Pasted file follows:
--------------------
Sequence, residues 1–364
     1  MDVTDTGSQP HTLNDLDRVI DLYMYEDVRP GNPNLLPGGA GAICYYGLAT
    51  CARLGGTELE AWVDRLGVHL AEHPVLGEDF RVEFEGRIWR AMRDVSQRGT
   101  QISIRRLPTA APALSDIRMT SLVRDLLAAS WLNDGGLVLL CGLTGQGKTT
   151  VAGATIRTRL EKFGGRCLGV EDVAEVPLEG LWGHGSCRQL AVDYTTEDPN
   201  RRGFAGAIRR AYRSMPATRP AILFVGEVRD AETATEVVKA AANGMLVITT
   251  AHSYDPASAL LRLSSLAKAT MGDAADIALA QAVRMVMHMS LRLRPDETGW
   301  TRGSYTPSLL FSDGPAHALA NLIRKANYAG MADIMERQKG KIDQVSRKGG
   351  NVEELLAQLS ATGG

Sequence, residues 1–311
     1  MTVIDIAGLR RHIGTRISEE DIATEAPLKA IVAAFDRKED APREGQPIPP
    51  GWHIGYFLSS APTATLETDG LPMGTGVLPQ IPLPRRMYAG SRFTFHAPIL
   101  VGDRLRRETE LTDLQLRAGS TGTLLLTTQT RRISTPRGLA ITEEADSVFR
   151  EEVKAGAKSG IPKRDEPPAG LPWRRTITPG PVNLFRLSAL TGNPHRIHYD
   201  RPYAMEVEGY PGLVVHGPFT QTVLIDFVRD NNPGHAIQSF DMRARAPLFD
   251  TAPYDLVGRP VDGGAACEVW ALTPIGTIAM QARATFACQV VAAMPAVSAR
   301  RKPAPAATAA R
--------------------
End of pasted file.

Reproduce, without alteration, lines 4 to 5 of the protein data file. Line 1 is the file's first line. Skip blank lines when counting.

   101  QISIRRLPTA APALSDIRMT SLVRDLLAAS WLNDGGLVLL CGLTGQGKTT
   151  VAGATIRTRL EKFGGRCLGV EDVAEVPLEG LWGHGSCRQL AVDYTTEDPN